Juan made a tour of the American League in 1969. He started the season with Boston and made 6 appearances, with 2 saves and a loss, giving up 6 runs in 9 innings. On April 19th the Red Sox traded him, Dick Ellsworth and Ken Harrelson to Cleveland for Joe Azcue, Vicente Romo and Sonny Siebert. Cleveland sent him to the Oakland A’s right at the end of the season.

The A’s decided to send Juan to the minors in 1970. After some poor performances for Iowa, the pitcher asked for and received his release. He signed with the California Angels and was assigned to their AAA affiliate, the Hawaii Islanders. He was a perfect 9-0 there in 13 games, tying Bo Belinsky for the longest winning streak in team history. His success drew the attention of the Chicago Cubs, who purchased his contract in early July. He failed to make the team in the spring of 1971 and spent half the season in the minors before he was brought back to Chicago in July.

Juan was 34 years old and still showed he was capable of wowing the opposition. He changed speeds and added more curves to his repertoire. Despite continuing his good pitching in the first half of 1972, he seems to have run afoul of Cubs manager Leo Durocher, as he was hardly used in the second half of the season. After just two games with the Cubs in 1973, his contract was sold to Houston. He pitched poorly there and ended 1973 with a 7.24 ERA.

His final action in the major leagues came with the Pirates in 1974. After Houston had released him, Pizarro returned home to Puerto Rico. He found a job pitching for Cordoba in the Mexican League, and the Pirates, when looking for an additional pitcher to help them in the pennant race. His last regular-season game was an 8-inning performance on September 26th. His last appearance with the Pirates came in the NL Championship Series, and he threw a scoreless 2/3 of an inning against the Dodgers, as Los Angeles advanced to the World Series in four games.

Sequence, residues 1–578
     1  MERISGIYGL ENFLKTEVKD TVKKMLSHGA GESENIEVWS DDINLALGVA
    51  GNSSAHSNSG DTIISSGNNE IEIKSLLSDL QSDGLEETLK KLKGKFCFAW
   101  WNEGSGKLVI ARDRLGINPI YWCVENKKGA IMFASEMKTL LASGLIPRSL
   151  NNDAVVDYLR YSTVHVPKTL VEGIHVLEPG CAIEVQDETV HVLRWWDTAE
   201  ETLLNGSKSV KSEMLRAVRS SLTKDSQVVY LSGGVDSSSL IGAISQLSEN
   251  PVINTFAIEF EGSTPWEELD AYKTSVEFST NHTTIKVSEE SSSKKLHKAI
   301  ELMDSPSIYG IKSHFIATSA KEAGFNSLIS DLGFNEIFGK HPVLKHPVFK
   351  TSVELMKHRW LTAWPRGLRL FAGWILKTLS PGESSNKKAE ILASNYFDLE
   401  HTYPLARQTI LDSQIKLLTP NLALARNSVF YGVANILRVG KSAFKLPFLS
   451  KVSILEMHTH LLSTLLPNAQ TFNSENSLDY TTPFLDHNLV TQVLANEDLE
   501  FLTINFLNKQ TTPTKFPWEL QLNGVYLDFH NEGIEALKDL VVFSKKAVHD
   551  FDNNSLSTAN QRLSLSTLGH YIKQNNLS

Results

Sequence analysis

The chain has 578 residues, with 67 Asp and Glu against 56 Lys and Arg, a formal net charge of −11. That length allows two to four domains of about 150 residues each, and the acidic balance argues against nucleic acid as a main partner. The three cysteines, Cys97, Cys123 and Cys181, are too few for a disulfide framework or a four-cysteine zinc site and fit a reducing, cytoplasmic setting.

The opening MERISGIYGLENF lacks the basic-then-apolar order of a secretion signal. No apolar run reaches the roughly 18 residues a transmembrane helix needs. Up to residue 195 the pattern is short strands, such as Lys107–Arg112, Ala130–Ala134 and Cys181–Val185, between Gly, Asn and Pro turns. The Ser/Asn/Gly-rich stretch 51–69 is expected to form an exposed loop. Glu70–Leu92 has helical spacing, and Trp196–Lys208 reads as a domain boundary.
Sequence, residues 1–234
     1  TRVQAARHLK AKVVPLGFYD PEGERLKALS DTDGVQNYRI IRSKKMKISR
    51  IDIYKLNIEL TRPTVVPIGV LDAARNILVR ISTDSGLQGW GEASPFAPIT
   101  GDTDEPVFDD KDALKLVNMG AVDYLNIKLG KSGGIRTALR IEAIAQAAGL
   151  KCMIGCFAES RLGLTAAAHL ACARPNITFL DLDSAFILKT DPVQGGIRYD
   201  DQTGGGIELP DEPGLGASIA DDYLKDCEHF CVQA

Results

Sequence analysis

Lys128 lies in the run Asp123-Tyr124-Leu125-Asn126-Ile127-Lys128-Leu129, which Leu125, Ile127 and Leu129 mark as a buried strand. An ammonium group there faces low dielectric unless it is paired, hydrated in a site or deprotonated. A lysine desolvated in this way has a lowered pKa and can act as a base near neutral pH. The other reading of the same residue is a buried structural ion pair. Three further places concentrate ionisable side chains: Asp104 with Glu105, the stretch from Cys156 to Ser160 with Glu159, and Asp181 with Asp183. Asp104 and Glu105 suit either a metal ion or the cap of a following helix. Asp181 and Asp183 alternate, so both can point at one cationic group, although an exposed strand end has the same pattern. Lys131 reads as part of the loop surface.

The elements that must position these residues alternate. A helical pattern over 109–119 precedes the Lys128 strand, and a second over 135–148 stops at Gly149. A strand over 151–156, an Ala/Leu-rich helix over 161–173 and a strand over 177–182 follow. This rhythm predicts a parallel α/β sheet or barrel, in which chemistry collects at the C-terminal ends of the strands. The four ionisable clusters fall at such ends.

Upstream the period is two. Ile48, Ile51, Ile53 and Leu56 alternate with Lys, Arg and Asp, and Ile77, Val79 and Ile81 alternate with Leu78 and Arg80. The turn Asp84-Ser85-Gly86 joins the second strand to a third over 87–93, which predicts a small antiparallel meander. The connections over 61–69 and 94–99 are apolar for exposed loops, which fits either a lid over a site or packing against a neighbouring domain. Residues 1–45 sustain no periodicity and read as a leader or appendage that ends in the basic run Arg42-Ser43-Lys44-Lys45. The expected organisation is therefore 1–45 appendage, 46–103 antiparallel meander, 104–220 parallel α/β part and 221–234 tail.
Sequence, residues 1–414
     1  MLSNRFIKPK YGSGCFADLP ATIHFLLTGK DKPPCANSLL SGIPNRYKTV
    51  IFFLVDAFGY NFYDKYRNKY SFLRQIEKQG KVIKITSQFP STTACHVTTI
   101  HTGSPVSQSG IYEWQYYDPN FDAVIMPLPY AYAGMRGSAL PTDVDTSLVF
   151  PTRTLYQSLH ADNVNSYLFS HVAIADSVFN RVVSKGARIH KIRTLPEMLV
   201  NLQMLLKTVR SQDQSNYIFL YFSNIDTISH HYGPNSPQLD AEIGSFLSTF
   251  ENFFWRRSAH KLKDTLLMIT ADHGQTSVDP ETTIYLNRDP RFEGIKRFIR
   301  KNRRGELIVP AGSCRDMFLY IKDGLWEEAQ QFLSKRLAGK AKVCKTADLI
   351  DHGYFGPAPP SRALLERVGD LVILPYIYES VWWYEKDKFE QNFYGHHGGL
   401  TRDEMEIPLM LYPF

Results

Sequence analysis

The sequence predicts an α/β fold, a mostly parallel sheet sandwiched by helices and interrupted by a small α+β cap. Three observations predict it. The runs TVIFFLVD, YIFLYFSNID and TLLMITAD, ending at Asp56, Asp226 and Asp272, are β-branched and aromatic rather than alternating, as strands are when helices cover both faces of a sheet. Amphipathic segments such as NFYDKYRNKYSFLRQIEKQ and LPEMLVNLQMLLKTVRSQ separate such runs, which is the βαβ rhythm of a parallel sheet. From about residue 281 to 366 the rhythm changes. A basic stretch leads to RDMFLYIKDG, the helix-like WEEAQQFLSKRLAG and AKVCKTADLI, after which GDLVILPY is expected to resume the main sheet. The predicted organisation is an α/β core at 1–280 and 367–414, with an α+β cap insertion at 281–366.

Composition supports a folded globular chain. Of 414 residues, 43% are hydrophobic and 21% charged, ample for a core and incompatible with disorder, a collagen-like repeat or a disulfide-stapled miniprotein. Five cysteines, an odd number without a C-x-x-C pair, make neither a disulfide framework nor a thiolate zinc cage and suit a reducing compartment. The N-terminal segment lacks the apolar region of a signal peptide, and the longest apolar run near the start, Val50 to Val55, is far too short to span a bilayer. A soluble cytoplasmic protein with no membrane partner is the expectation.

Juan failed to make the Pirates roster in 1975 but continued to pitch in Mexico and Puerto Rico for a few more seasons. He quit pitching for good after the 1976-77 season, but he continued to work as a pitching coach in Puerto Rico until well into the 2000s.

Hew was inducted into the Puerto Rico Professional Baseball Hall of Fame in 1991 and the Caribbean Series Hall of Fame in 2000. He was also inducted into the Latino Baseball Hall of Fame in 2014, as part of a class that included Moises Alou, Vinny Castilla, Bert Campaneris, Aurelio Lopez, Omar Moreno, Luis Salazar and Cesar Tovar.

Juan Pizarro died on February 18, 2021, in Puerto Rico at the age of 84. He had been battling cancer for several years.